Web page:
Driver’s License Suspension for Failure to Pay Ticket

Driver’s License Suspension for Failure to Pay Ticket

A Pennsylvania man unexpectedly lost his driver’s license when he failed to respond promptly to a traffic ticket. Burgess v. PennDOT, 991 A.2d 1014 (Pa. Cmwlth. 2010).

The man’s problems started when he was cited for speeding and driving an unregistered car. The law enforcement agency didn’t arrest the man, but mailed him a citation after the incident. When he failed to respond to the citation, PennDOT sent the man a letter advising that he would lose his driver’s license in 20 days if he did not respond to the citation immediately. The man did not respond to the citation within the 20 days. Instead, two months after receiving the notice about losing his license, he pled guilty to the citation and paid the fine.

PennDOT then suspended his license for an additional 15 days, because he was convicted of a moving violation while his license was under suspension. The moving violation was the original speeding and driving an unregistered vehicle citation. His guilty plea amounted to a conviction.

The man appealed the additional 15 day suspension of his license, claiming that by pleading guilty to the citation for speeding and driving an unregistered vehicle he was effectively responding to the citation and his doing so should have ended the first suspension. He argued that PennDOT should not be permitted to treat his “conviction” as having occurred during a period of license suspension.

The man lost his appeal. License suspensions do not end in automatic restoration of drivers’ privileges. When Pennsylvania drivers lose their driving privileges due to traffic tickets, DUI charges, failure to pay past fines or for any other reason, they must complete a “restoration” process before their privileges are restored. Drivers who simply assume that they can drive legally at the end of their suspension period are mistaken. To start the restoration process, a driver can request a free restoration letter from PennDOT by calling (800) 932-4600. The letter is also available at no charge through an online request to PennDOT at Follow the menu on the first page headed “On-line Driver and Vehicle Services.” A restoration letter advises the suspended driver of everything he or she must do to become a legal driver again. Those conditions may include resolving previous open citations, paying fines and going through driver education and testing again.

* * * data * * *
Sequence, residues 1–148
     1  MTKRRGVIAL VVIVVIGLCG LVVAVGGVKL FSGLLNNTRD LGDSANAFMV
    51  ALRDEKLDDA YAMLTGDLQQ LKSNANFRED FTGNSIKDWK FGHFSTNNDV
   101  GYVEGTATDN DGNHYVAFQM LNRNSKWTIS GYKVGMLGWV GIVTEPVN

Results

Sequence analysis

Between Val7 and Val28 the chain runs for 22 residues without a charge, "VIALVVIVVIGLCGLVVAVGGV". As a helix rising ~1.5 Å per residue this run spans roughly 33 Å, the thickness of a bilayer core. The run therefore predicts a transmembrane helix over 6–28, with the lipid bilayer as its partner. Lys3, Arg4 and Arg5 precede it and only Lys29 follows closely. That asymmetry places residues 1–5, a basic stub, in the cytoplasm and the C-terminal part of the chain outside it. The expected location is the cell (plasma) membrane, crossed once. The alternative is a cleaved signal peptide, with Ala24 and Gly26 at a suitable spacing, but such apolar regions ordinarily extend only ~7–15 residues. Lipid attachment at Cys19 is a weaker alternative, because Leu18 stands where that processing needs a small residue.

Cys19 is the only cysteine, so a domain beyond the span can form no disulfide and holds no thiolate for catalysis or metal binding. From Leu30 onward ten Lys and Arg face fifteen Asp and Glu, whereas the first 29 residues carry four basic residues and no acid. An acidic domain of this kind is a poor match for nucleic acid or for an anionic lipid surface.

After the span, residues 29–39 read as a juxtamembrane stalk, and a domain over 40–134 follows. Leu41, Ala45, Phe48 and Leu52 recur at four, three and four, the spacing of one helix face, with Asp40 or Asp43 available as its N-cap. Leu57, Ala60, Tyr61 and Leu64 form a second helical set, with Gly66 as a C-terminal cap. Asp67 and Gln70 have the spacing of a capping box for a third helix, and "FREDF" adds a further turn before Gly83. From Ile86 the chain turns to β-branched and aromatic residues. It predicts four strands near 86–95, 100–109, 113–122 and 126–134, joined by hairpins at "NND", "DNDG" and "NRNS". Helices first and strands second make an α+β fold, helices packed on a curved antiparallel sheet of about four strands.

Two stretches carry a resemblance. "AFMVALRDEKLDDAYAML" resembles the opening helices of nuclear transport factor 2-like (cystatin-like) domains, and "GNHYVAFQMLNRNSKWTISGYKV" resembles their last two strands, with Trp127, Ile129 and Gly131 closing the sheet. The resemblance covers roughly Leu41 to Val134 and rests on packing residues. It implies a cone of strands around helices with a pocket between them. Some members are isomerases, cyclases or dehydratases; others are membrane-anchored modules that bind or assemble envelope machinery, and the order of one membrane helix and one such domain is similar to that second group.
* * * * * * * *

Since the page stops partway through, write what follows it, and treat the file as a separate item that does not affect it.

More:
Sleeping on the Job & Unemployment

Sleeping on the Job & Unemployment

An employee fired for sleeping on the job won her unemployment claim recently after convincing the court that she was not at fault for falling asleep at work.

The employee was a ‘money room technician,” whose duties involved counting money at a city parking garage. Working a shift that began in the late afternoon and ended at midnight, the employee spent a lot of time alone in a “counting room,” doing nothing. She requested additional work, so that she could avoid become drowsy and falling asleep but her supervisors did not give her tasks to fill her time. The employee suffered from diabetes and sleep apnea; she claimed that advised her supervisors that her sleep apnea sometimes caused her to fall asleep without realizing it. After hearing complaints from other employees that the employee was sleeping on the job, a supervisor found the employee asleep in the counting room and fired her.

In the unemployment compensation hearings, the supervisors denied that the employee had ever complained about medical conditions that could cause her to fall asleep. The hearing officer found that the employee was more credible. The employee testified that she repeatedly asked for more work so that she would not “konk out,” sitting alone in the counting room for lengthy periods. She also claimed that when asking for more work she was specific about her problems with sleep apnea.